“He was quite hurt by that poem,” Sam says. “I don’t know re­ally what I meant by that line, but I think I was re­ally ex­press­ing the wish that we had had more com­mu­ni­ca­tion over those last 10 years [of his life].”

Sam’s mother Joan was 30 years younger than Percy. “They were quite an un­usual cou­ple – the age dif­fer­ence for a start. They both had a great love of words, com­ing from dif­fer­ent back­grounds – my mother from a more literary back­ground, and my fa­ther from a more mu­si­cal back­ground. His fa­ther and brother were pro­fes­sional mu­si­cians.”

And while it was his mother’s choice in po­etry that at­tracted Sam most, he loved the bal­lads his fa­ther told him.

“Like Lord Ullin’s Daugh­ter – great stuff,” he says, reel­ing off the bal­lad flaw­lessly.

“Those are the sort of po­ems I got from my Dad. My mother’s taste in po­etry was prob­a­bly more aes­thetic I guess, more lyri­cal, and that in­cludes poets like W. B. Yeats, and I in turn in­tro­duced her to a lot of po­ems, and so there were a lot of po­ems be­ing told.”

But he is quick to clar­ify: “It was po­ems, not po­etry with a cap­i­tal P that you study in school and have to an­swer ques­tions about – it was sheer plea­sure in the po­ems.”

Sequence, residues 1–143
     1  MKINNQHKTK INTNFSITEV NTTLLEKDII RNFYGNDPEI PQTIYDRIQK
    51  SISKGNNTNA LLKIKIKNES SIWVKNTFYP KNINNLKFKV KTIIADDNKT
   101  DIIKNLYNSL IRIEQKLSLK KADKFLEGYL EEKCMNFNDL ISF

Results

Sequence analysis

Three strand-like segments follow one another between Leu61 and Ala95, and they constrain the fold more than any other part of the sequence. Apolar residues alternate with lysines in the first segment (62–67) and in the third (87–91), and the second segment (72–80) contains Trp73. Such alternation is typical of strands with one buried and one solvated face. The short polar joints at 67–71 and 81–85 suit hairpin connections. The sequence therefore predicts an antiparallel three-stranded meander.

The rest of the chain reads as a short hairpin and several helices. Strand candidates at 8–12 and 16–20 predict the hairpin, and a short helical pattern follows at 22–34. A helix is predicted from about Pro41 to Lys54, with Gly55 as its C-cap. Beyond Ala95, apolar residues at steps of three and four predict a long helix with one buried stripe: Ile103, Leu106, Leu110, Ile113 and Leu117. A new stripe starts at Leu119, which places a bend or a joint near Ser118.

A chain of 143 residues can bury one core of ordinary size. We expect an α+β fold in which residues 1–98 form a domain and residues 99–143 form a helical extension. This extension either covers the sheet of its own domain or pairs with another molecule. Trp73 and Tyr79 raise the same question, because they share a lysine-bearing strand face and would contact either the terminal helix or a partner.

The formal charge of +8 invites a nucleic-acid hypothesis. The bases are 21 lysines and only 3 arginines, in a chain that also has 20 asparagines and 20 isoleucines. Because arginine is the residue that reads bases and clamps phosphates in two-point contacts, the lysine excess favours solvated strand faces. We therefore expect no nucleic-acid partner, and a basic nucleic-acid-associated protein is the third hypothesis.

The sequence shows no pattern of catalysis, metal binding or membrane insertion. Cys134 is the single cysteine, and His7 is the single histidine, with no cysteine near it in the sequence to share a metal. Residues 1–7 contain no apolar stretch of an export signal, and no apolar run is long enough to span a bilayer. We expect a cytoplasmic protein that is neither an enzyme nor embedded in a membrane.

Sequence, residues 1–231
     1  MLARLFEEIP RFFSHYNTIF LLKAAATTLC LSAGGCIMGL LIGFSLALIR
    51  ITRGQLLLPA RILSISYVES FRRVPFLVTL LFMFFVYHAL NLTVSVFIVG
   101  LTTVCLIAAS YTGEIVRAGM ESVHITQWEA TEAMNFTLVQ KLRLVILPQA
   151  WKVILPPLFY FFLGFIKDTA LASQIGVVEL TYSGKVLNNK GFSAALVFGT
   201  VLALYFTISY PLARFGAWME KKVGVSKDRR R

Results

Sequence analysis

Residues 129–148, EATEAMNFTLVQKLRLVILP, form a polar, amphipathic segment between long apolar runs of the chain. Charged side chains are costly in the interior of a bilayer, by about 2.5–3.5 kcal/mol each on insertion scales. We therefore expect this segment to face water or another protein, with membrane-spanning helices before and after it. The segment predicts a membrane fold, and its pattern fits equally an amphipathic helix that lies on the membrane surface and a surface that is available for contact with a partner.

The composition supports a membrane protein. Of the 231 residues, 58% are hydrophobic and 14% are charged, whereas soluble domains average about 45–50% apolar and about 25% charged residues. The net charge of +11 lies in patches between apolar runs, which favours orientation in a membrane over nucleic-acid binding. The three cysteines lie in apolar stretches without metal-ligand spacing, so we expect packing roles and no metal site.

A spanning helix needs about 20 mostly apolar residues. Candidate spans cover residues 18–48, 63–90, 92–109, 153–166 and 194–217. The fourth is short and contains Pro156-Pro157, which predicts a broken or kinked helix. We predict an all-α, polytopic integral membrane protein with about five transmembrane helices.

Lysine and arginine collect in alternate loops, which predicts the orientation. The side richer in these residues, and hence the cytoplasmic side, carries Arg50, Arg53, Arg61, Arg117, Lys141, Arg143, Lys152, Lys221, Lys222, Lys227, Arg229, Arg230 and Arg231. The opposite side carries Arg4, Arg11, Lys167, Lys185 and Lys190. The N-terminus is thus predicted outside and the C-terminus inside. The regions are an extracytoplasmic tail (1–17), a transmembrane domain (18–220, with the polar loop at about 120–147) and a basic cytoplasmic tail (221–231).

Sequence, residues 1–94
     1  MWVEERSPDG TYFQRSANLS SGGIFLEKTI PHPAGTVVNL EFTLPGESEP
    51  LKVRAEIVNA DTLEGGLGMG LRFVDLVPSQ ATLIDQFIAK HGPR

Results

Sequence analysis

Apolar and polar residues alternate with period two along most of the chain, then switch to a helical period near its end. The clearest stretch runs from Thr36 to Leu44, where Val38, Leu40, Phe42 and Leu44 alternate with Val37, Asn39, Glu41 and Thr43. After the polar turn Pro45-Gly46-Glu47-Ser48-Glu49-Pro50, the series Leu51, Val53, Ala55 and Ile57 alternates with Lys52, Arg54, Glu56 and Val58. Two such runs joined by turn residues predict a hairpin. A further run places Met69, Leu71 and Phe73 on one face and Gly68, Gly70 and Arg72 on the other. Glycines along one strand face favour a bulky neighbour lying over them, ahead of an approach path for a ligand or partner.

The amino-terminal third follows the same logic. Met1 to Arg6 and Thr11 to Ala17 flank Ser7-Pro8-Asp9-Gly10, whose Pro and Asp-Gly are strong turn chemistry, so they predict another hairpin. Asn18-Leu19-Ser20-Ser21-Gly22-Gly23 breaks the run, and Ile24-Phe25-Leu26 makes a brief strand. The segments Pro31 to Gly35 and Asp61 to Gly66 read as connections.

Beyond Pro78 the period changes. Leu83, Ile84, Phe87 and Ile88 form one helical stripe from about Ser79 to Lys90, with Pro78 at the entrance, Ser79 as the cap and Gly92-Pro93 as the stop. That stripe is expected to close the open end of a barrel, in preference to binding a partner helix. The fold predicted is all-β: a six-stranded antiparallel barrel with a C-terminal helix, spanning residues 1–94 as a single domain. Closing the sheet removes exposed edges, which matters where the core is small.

While Percy sup­ported Sam’s po­etry, he was con­cerned his son didn’t have a fall-back, and would rou­tinely send him five-pound notes in the mail. To al­lay his con­cerns, Sam went to teacher’s train­ing col­lege. He com­pleted the course, but by the time he had fin­ished, he was al­ready mak­ing money from his po­etry.

Percy died at the ripe old age of 90, a fact Sam links to his habit of swim­ming daily in the sea. “In his younger years he de­vel­oped sci­at­ica. He had a manser­vant, his name was Cas­sels, who did a lot of the things that a PA would do now. Cas­sels was a fitness freak and he had a reg­i­men for Dad so that he could keep the sci­at­ica at bay, which in­cluded swim­ming in the sea ev­ery day.

“When Dad was a young lawyer he was liv­ing in a stone house in the quite smart city sub­urb of Par­nell and he lit­er­ally swapped it for this big ram­bling prop­erty on Mil­ford Beach, which is where I grew up. A cou­ple of times, at least, on the short­est day of the year they had a pho­to­graph in the Auck­land morn­ing pa­per of Auck­land bar­ris­ter Percy Hunt emerg­ing from the waves, like Venus – well, not quite like Venus… I wish I had those pho­tos.”

Sam shares his fa­ther’s love of the water, and has con­tin­ued to re­side near it in his adult years. He re­mem­bers par­tic­u­larly well one trip home on the ferry from Auck­land to Cas­tor Bay with his smartly dressed and proud fa­ther.